A few weeks ago while watching the MLS Player Combine I was struck by a strange realization; what happens in the Seattle Sounders FO is a spectator sport and that for me it is one of my favorite aspects of the game.
The internet broadcasts for the Combine were sponsored by a video game called Football Manager 2012 by Sports Interactive and marketed Sega. I've never played the game or even seen how it works, but just the idea that a video game has been created where fans get to manage a team rather than play the sport fascinates me. It speaks to a core element of fan culture; we are as interested in the decisions as the play.
This week the Sounders are in Arizona bonding as a team and continuing the process of preseason roster construction. The practices are open to the fans and on the first day, one vacationing couple showed up because they were already in the area. It isn't that the fans aren't interested. We're just too far away. Even the media that covers the Sounders isn't able to attend due to costs. The team knows this and staged a conference call between Sigi and the media yesterday. The team has also been blogging about camp, writing daily articles and producing a series of videos interviewing players and giving the fans a programmed look 'behind' the scenes. Why?
If we all watched the Sounders strictly to see the games played, then Sounder at Heart and all of the other Sounders related media outlets would shut down during the offseason. Instead the offseason media coverage rages on and we are all along for the ride. Joshua Mayers continues to write daily entries for the Seattle Times. The staff here generates pages of daily copy. Brad Evans 'interviews' Michael Gspurning on Twitter. And as fans we follow the flow of information with joyous abandon.
The Sounders understand the importance of this informational flow. Their organization capitalizes on it in myriad ways. From the democratic interaction with the fan groups, to linking the MLS Sounders back to decades of Sounders soccer in the NW, to the accessibility the team grants to its staff, owners and players. The Sounders use the flow to generate loyalty.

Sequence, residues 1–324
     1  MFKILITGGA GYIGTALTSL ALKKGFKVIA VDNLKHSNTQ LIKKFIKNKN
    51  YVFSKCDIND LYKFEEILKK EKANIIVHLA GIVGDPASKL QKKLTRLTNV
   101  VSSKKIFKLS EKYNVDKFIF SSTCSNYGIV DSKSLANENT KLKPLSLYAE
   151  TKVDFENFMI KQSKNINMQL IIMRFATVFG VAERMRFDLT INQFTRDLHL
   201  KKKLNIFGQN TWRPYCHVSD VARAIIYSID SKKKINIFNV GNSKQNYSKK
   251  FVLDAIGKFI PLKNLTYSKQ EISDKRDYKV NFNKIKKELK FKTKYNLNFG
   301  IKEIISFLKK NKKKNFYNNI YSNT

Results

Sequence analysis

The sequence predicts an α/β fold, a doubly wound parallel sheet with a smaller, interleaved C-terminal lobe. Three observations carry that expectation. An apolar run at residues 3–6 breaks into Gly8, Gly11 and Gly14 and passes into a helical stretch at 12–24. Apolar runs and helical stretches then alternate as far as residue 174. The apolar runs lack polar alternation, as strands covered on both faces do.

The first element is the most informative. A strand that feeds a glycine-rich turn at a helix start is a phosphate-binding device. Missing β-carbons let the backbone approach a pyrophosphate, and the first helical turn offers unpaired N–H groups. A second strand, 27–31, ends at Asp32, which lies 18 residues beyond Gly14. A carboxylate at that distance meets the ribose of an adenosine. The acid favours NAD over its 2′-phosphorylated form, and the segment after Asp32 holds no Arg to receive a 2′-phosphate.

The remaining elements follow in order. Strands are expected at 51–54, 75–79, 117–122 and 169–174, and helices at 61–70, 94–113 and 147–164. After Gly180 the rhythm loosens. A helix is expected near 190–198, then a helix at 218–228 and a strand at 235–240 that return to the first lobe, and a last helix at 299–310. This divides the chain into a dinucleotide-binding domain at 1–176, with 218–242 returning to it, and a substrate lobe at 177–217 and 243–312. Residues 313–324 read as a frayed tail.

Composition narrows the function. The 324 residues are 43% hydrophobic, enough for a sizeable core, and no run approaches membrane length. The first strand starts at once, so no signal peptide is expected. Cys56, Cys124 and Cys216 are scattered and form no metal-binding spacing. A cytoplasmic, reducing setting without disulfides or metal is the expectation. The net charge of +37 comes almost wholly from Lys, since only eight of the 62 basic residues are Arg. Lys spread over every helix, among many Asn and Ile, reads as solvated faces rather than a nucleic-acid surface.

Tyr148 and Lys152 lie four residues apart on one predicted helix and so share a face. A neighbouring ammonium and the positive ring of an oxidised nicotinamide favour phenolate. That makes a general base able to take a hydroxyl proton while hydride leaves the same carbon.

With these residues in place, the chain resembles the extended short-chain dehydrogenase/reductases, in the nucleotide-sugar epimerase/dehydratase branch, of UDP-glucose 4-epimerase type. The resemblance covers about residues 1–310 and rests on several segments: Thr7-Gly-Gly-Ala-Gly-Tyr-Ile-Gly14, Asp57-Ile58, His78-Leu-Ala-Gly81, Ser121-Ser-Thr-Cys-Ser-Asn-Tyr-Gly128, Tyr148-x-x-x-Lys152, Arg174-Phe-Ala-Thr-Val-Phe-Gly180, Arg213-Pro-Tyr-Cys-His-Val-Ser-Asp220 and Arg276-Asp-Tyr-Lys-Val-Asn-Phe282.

But why is it important to us as fans? What key element keeps us coming back for more? Certainly there is a desire to belong to a group based on similar interests. There is also a desire to get to know the people behind the actions and create a connection. But there is also a fascination with the decision-making processes manifest in running a modern sports franchise.
We watch sports to see human minds and bodies push their limits with intelligence and grace. We admire the grit and determination of a player reaching beyond their limits. We stand awestruck as Osvaldo Alonso weaves through the Chicago defense and scores the goal that seals the Seattle Sounders FC's third US Open Cup. Then we erupt in shared elation. For a moment we see a vision of what is possible and perhaps return to our daily routines looking for ways to incorporate some of those possibilities into our immediate world. This is the essence of being a spectator.
It is also the essence of what we gain watching the Sounders FO as they retool the team's defensive structure this winter. It is at the heart of why we look at the NY Red Bull FO and scratch our heads when they decide to essentially ignore the draft. We wonder how the LA Galaxy will manage the loss of Omar Gonzales and Juninho or where they will fit Edson Buddle into the mix. We watch as the Portland Timbers sign a new DP with begrudging admiration. We see a former Sounder traded to the Vancouver Whitecaps and wonder why either team participated in the trade? What do the Whitecaps gain in adding another piece to their already overflowing offensive options when their defense left them at the bottom of the league standings in 2011? What led to the loss of Faryd Mondragon and Sebastian LeToux in Philadelphia? There is a certain elegance to the way the Montreal Impact are building their team in preparation for their inaugural MLS campaign. Human decisions run through each of these events burrowing into our collective conscience and causing us to follow in rapt wonder.
For me, the MLS offers an unique spectating opportunity in American sporting culture. This league is not the pinnacle of its sport. It is a developmental league with very specific constraints. The league's history and rules blend compromise and skill into the decision making process at a structural level. The MLS roster rules create their own beautiful game. There are many options and opportunities that each of the teams can leverage. Each carries risk and reward. And I revel in the pageant. And unlike the actual playing of the game, the front office spectacle is a perpetual event. As long as men like Adrian Hanauer and Sigi Schmid are willing to stand in the spotlight, I'll show up with the popcorn.